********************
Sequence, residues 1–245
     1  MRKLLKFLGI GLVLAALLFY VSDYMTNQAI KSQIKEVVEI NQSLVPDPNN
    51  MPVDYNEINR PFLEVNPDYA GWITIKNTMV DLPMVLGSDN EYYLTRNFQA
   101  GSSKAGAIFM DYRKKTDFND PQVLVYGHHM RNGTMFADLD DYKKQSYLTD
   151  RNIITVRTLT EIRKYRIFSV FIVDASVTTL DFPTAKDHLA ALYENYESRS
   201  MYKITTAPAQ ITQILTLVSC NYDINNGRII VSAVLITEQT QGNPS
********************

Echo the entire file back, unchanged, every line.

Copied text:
Sequence, residues 1–245
     1  MRKLLKFLGI GLVLAALLFY VSDYMTNQAI KSQIKEVVEI NQSLVPDPNN
    51  MPVDYNEINR PFLEVNPDYA GWITIKNTMV DLPMVLGSDN EYYLTRNFQA
   101  GSSKAGAIFM DYRKKTDFND PQVLVYGHHM RNGTMFADLD DYKKQSYLTD
   151  RNIITVRTLT EIRKYRIFSV FIVDASVTTL DFPTAKDHLA ALYENYESRS
   201  MYKITTAPAQ ITQILTLVSC NYDINNGRII VSAVLITEQT QGNPS